Why gorakhpurs and Muzaffarpurs will keep on happening

Despite being one of the most populous countries, India has the most private healthcare in the world. India spends less than 1% of its national income on healthcare - one of the lowest in the world. 

Muzaffarpur and Gorakhpur show the mirror to the New India – and its not shining

The death toll of children in Bihar due to encephalopathy has reached close to 150. Those who are familiar with the interior of this country can easily see that Muzaffarpur was a tragedy waiting to happen. The rural population is trapped in the web of caste, poverty, malnutrition and poor health administration. Early reports blamed the toxin found in unripe litchi fruit that causes extremely low levels of glucose. But within a few days, it became clear that it’s the malnourished children eating the unripe lychees that got affected by the syndrome.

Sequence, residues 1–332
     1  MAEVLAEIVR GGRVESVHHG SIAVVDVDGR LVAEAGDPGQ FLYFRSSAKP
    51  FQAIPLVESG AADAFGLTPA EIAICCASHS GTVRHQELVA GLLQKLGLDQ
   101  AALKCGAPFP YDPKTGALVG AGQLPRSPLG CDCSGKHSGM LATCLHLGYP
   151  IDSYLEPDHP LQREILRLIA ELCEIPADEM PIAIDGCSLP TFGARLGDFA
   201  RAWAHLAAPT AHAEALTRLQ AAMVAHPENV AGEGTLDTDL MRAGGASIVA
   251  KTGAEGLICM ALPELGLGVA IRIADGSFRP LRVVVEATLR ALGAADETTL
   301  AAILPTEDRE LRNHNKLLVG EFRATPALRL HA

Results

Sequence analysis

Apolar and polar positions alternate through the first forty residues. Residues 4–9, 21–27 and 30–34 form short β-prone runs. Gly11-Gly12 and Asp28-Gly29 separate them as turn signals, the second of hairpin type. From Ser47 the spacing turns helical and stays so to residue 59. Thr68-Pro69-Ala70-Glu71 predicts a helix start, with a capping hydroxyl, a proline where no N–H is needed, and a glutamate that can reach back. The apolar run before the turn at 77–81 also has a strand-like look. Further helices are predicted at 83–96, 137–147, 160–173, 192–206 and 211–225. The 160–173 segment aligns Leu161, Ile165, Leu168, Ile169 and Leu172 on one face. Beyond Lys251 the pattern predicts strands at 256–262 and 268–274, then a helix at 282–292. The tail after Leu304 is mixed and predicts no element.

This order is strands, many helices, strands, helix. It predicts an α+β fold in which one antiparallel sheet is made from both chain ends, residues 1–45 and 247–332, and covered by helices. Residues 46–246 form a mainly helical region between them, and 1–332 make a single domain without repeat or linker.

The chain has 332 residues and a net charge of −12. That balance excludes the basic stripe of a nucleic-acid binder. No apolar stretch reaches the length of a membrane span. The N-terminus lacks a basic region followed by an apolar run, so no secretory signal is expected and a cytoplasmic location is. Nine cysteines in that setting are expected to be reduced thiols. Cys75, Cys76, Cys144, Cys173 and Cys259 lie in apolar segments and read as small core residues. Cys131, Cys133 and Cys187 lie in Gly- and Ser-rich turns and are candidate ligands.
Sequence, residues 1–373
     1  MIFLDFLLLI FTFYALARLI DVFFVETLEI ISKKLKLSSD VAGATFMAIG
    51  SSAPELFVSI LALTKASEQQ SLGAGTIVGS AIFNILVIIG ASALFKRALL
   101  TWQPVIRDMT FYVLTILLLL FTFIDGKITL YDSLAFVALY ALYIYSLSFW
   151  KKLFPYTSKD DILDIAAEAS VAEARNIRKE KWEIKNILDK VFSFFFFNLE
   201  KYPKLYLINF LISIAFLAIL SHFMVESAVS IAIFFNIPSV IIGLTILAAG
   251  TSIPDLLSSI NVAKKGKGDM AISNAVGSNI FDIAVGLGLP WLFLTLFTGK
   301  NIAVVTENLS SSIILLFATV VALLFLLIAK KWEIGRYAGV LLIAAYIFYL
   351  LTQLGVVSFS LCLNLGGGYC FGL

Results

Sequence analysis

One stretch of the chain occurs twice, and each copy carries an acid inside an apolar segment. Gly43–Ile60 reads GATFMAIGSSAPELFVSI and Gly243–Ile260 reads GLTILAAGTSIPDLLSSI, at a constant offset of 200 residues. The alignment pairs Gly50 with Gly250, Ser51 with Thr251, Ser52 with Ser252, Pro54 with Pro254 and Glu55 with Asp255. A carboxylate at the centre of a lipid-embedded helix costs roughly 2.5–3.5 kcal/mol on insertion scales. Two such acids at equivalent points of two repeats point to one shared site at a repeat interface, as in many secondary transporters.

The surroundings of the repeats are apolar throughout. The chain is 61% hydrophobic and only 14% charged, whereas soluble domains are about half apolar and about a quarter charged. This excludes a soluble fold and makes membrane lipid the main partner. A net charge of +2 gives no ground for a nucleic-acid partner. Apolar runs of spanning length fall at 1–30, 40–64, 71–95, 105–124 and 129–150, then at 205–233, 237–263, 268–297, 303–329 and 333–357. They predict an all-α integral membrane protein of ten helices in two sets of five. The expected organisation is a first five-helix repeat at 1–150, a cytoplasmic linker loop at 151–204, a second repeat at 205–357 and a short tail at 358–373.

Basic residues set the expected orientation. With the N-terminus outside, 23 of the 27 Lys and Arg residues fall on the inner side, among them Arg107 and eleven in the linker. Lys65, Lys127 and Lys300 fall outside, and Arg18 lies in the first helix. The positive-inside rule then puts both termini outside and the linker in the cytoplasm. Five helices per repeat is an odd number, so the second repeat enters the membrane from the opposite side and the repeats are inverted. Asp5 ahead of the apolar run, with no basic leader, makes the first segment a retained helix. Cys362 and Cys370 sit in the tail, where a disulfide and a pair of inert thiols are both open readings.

Children dying due to poverty and malnutrition is not accidental, its criminal. It is part of a well thought out strategy where the poor who cannot afford food, health and education are to be dispensed with because it doesn’t fit the illusion of shining India that we are living in.